Working women

Rich natural resources, solid infrastructure and an expanding middle class sheltered the Middle East and North Africa (MENA) from the global financial crisis. But the region is not without challenges.

Chief among these is addressing the region’s acute unemployment problem. Over the next 10 years, the labor force in the region is expected to grow at around 2% per year. Given the already high unemployment, creating jobs for the next generation is one of the most important economic challenges for the region’s leaders.

Tapping into all the talent available is crucial. This means helping more women into the workforce and empowering them to become a first-class citizen of society.

In MENA, the array of challenges facing governments and policy-makers – political and social instability, water and food scarcity, and unemployment – prevents the issue of women’s empowerment from achieving greater prominence.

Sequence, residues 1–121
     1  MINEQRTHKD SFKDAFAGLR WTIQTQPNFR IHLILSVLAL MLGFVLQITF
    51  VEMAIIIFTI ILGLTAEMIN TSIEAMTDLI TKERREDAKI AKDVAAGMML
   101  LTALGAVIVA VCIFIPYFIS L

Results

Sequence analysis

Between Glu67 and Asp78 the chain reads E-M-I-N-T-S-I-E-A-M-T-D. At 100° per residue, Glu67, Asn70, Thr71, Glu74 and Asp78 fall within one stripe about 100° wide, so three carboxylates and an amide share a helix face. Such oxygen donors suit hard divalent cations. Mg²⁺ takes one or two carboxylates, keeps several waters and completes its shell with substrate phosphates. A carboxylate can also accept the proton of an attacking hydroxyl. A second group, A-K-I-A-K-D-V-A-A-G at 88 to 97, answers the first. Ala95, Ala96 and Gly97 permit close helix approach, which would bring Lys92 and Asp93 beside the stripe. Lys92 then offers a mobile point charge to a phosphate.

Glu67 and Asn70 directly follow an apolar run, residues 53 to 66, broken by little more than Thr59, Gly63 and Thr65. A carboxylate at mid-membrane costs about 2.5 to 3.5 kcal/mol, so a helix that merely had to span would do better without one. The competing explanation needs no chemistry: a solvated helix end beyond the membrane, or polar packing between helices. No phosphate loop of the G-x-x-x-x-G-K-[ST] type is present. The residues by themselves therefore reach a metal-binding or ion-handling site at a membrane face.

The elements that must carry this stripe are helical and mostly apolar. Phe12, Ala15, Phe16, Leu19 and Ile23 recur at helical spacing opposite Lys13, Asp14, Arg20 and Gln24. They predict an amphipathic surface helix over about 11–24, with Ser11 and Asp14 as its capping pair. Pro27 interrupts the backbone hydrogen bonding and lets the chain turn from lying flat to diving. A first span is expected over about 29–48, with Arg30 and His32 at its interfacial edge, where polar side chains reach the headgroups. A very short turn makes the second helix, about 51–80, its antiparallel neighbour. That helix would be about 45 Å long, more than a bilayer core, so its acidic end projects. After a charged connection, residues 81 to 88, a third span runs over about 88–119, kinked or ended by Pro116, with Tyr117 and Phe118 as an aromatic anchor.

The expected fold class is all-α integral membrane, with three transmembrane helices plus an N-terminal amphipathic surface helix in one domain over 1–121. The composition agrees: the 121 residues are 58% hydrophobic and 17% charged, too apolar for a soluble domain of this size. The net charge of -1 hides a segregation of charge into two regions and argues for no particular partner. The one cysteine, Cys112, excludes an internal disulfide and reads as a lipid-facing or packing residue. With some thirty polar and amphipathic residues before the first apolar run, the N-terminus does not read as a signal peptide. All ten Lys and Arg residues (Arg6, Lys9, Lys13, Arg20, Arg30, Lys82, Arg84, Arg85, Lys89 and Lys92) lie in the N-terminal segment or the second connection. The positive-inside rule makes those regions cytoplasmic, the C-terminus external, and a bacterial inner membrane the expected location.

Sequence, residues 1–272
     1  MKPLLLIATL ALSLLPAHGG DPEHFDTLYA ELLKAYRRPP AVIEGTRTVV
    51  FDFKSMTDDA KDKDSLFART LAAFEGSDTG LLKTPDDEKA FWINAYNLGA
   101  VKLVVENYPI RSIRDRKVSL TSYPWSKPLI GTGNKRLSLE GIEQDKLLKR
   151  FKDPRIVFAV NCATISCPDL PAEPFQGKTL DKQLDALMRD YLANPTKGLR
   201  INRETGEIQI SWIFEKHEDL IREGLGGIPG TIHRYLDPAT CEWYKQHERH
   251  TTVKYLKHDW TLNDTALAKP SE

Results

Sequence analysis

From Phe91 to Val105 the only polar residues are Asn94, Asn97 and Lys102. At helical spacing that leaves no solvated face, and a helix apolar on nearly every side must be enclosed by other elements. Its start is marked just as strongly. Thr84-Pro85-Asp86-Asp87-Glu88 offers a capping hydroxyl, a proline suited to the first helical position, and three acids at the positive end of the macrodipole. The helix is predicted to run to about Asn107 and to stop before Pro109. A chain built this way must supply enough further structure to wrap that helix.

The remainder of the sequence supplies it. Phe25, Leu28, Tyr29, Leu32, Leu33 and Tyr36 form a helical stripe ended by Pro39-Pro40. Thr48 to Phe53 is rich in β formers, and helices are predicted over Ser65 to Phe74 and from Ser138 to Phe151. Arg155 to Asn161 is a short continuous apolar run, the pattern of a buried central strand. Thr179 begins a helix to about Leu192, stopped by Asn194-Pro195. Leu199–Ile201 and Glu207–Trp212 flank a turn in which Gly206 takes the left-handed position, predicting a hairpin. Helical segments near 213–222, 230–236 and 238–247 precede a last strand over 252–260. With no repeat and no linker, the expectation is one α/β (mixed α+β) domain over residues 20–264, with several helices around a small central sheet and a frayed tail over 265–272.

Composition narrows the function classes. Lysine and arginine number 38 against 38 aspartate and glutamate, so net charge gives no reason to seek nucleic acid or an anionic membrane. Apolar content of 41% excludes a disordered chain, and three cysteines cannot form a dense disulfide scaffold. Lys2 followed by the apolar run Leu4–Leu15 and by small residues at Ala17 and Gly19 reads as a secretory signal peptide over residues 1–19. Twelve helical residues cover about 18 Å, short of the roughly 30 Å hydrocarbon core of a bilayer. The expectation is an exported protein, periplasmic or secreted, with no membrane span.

One way of bringing about positive change is to make top-down and bottom-up changes that are systemic, systematic and sustainable. Unfortunately, such changes are not easy to implement, partly because, in MENA, education does not necessarily translate into employment. This is despite research showing that if you have more women in positions of power, it leads to higher ethical standards and lowered corruption.

Greater flexibility and a more progressive attitude from employers are the solutions. Encouraging MENA corporations to hire women of all ages will also help.

No doubt the political and social instability in the region is the number one issue. But being optimistic is important, because even the slightest increase in the number of working women can bring about great change.

Article from: Citizen Today

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